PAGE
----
Ancient Monuments

History on the Ground

This site is entirely user-supported. See how you can help.

Enclosure with hut circles north of Corringdon Ball

A Scheduled Monument in South Brent, Devon

We don't have any photos of this monument yet. Why don't you be the first to send us one?

Upload Photo »

Approximate Location Map
Large Map »

If Google Street View is available, the image is from the best available vantage point looking, if possible, towards the location of the monument. Where it is not available, the satellite view is shown instead.

Coordinates

Latitude: 50.4338 / 50°26'1"N

Longitude: -3.8735 / 3°52'24"W

OS Eastings: 267038.692674

OS Northings: 61002.956544

OS Grid: SX670610

Mapcode National: GBR QB.80QN

Mapcode Global: FRA 27SX.0RS

Entry Name: Enclosure with hut circles north of Corringdon Ball

Scheduled Date: 10 February 1992

Source: Historic England

Source ID: 1010205

English Heritage Legacy ID: 10857

County: Devon

Civil Parish: South Brent

Traditional County: Devon

Lieutenancy Area (Ceremonial County): Devon

Church of England Parish: South Brent St Petroc

Church of England Diocese: Exeter

Details

This enclosure lies on the northern edge of the summit of Corringdon Ball and
forms part of a concentration of occupation sites occurring in the area. It
consists of a sub circular enclosure, measuring 50m by 60m, defined by a bank
1.5m wide, 0.4m high and built of rubble. There is a gap of some 20m in the
bank, between two hut circles, on the western side. Three hut circles are
attached to the inside of the bank, one on the north eastern side and two on
the western side, they measure up to 8m in diameter and have rubble walls up
to 1m in thickness and 0.4m in height.

MAP EXTRACT
The site of the monument is shown on the attached map extract.
It includes a 2 metre boundary around the archaeological features,
considered to be essential for the monument's support and preservation.

Source: Historic England

Reasons for Scheduling

Dartmoor is the largest expanse of open moorland in southern Britain and,
because of exceptional conditions of preservation, it is also one of the most
complete examples of an upland relict landscape in the whole country. The
great wealth and diversity of archaeological remains provide direct evidence
for human exploitation of the Moor from the early prehistoric period onwards.
The well-preserved and often visible relationship between settlement sites,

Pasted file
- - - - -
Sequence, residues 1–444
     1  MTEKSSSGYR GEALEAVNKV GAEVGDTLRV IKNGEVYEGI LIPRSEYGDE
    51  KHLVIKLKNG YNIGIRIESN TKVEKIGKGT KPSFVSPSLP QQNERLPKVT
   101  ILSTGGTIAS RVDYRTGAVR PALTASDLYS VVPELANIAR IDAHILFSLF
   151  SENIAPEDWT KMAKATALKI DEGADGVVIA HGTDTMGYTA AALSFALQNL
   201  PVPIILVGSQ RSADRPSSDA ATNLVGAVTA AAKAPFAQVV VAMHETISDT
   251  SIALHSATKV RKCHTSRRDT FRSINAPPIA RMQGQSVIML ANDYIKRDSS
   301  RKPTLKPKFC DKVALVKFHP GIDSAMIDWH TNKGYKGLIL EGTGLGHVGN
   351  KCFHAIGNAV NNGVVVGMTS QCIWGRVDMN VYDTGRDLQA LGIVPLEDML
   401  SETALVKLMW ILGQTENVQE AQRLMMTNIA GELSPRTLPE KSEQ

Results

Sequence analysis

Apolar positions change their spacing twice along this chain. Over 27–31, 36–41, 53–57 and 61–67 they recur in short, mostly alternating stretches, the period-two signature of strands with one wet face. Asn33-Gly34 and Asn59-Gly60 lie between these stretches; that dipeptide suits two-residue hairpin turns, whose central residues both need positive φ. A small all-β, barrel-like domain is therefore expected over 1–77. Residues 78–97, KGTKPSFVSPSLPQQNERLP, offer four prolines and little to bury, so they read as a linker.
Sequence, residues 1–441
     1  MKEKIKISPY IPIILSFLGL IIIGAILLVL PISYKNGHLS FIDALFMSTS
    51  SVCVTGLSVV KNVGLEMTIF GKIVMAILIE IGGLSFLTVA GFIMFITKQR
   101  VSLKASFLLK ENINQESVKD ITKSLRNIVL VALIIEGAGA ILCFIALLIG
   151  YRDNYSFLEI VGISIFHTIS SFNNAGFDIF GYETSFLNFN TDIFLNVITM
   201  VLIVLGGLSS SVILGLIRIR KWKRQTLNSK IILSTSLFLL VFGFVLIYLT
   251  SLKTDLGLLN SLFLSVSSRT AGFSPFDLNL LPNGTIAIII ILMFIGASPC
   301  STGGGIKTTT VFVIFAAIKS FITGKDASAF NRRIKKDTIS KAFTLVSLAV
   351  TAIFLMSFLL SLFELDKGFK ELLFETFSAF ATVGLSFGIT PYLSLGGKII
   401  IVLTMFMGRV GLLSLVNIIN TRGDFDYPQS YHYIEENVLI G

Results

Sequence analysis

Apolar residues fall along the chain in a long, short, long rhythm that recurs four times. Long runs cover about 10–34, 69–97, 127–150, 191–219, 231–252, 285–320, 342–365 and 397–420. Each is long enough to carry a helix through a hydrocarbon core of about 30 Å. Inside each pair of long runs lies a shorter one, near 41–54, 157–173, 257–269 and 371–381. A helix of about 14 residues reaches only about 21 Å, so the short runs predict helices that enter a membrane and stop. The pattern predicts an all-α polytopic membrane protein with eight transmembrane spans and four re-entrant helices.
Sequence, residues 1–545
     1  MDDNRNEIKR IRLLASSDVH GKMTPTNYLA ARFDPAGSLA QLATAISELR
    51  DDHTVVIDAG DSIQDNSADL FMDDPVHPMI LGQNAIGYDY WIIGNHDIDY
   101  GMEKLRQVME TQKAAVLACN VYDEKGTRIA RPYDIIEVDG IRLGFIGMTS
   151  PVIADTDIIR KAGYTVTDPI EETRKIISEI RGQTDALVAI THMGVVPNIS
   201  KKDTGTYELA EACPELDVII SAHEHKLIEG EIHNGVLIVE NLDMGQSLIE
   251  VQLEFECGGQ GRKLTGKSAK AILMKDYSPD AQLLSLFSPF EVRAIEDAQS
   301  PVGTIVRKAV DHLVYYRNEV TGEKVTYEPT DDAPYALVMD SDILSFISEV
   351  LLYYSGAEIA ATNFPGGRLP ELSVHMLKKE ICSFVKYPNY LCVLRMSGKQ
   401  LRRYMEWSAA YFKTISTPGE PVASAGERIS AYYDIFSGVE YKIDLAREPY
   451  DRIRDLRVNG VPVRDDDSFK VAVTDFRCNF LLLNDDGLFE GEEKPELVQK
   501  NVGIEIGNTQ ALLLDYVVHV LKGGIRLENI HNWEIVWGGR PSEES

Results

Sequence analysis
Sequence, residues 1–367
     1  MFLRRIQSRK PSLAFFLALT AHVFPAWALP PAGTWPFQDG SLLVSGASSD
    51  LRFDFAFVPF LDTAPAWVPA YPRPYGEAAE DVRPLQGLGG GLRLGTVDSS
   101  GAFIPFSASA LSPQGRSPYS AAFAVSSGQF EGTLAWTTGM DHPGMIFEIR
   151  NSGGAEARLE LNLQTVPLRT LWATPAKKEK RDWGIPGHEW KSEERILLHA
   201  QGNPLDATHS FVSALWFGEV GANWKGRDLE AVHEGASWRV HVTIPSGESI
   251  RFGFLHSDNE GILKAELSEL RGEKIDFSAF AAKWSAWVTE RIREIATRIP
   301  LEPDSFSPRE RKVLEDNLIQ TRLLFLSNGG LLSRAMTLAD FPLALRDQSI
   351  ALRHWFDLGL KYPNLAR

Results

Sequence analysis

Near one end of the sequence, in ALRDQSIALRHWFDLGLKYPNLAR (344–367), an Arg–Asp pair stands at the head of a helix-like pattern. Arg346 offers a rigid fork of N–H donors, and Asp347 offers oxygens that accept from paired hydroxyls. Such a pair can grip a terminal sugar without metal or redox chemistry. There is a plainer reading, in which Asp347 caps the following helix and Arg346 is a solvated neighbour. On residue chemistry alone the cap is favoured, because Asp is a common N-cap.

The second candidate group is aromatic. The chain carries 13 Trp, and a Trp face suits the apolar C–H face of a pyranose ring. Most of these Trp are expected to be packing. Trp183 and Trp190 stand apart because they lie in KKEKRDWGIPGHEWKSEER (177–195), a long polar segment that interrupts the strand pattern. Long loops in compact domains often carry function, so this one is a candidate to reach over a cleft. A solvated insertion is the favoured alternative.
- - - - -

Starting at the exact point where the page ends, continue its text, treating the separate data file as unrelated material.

major land boundaries, trackways, ceremonial and funerary monuments as well as
later industrial remains, gives significant insights into successive changes
in the pattern of land use through time. Within the landscape of Dartmoor
there are many discrete plots of land enclosed by stone walls or banks of
stone and earth, most of which date to the Bronze Age (c.2000-700 BC), though
earlier and later examples also exist. They were constructed as stock pens or
as protected areas for crop growing and were sometimes subdivided to
accommodate stock and hut circle dwellings for farmers and herdsmen. The size
and form of enclosures may therefore vary considerably depending on their
particular function. Their variation in form, longevity and relationship to
other monument classes provide important information on the diversity of
social organisation and farming practices amongst prehistoric communities.
They are particularly representative of their period and a substantial
proportion of surviving examples are considered worthy of protection.

This enclosure with three hut circles forms part of a concentration of
contemporary occupation evidence surviving on Corringdon Ball, near the
ceremonial and funerary complex at Glasscombe.

Source: Historic England

Sources

Other
SX 66 SE-107, SX 66 SE-107, (1991)

Source: Historic England

Other nearby scheduled monuments

AncientMonuments.uk is an independent online resource and is not associated with any government department. All government data published here is used under licence. Please do not contact AncientMonuments.uk for any queries related to any individual ancient or schedued monument, planning permission related to scheduled monuments or the scheduling process itself.

AncientMonuments.uk is a Good Stuff website.